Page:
We come across the homeless on our street corners, outside grocery stores, under bridges and in the parks. Most of us try to avoid an encounter and walk past a bit faster than we had walked before. If we have a thought, it is one of disgust or sympathy, or perhaps we remain absorbed in our own world. What we do not see in such moments is what brought us to meet that person under that bridge, at that street corner, and how much we may have in common.
I was trained as a chemical engineer and retired from a career in the petroleum industry. In my retirement years, through study of Jungian psychology, I have been encountering myself and the world in new, unanticipated ways. Photography and homeless people have become part of this. I began photographing the homeless in a quest to capture aspects of personal and cultural shadow. At the outset I saw them as the detritus of society, rejected, downtrodden and unable to function successfully on their own. The homeless have changed me. Their compassion, their intelligence, their hope and courage, their sincerity and dignity - these exploded my stereotype of who the homeless are and shifted my view of who I am.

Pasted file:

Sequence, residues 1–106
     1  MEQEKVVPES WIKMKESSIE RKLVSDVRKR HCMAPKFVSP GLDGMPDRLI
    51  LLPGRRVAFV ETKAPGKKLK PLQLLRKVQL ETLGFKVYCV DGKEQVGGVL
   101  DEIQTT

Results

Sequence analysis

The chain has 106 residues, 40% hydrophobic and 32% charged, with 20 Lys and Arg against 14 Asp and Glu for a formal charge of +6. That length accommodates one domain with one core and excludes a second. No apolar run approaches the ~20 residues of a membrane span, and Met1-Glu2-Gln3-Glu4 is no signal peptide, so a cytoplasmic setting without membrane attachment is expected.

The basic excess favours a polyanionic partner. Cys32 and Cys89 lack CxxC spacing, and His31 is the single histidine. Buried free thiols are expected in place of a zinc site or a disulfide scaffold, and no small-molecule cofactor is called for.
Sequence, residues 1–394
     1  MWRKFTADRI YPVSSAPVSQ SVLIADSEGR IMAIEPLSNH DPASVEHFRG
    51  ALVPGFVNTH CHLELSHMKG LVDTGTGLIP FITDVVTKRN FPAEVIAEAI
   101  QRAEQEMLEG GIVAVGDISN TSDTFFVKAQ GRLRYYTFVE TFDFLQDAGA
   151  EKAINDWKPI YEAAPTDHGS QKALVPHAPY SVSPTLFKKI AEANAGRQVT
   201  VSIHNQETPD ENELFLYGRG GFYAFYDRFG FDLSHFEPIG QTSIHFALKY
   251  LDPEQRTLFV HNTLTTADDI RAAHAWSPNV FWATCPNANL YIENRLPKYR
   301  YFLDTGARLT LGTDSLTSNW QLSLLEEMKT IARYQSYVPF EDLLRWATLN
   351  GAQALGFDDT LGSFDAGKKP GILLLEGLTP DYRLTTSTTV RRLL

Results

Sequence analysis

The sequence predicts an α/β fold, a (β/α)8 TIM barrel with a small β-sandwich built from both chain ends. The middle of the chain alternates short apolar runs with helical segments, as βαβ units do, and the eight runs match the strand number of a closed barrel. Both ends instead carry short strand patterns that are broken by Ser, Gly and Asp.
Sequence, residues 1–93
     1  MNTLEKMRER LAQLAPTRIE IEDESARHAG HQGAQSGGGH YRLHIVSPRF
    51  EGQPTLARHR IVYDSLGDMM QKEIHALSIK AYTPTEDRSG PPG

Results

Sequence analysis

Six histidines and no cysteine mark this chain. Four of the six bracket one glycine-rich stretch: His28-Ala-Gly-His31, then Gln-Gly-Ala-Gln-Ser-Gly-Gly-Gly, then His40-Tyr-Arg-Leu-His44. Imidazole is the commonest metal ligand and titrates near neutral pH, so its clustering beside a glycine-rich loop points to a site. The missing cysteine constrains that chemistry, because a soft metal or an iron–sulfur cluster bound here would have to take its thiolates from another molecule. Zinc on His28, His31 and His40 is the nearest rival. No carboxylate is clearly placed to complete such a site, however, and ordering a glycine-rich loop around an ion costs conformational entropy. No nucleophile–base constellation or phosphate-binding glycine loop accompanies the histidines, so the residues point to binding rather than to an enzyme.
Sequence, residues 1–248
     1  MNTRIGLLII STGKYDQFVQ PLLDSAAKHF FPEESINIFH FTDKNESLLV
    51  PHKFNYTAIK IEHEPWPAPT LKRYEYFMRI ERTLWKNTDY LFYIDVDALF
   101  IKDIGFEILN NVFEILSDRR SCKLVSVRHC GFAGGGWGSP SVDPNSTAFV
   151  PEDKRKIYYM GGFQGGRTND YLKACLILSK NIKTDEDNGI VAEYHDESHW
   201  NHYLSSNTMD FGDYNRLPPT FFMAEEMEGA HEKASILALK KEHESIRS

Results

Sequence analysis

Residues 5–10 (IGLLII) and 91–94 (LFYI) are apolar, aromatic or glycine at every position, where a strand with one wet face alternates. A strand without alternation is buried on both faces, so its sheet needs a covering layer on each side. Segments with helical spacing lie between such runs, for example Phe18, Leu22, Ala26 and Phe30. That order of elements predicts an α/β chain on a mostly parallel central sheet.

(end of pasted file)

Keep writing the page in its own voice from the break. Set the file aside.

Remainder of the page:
It is my hope that these images can begin to break down the prejudice and discrimination against homelessness that is so common in our society.
These portraits, which number over 300, were taken of clients at The Beacon, a homeless center operated by Christ Church Cathedral in downtown Houston. All subjects were willing participants and were offered prints of their images.
© 2017 Bob Levy Photography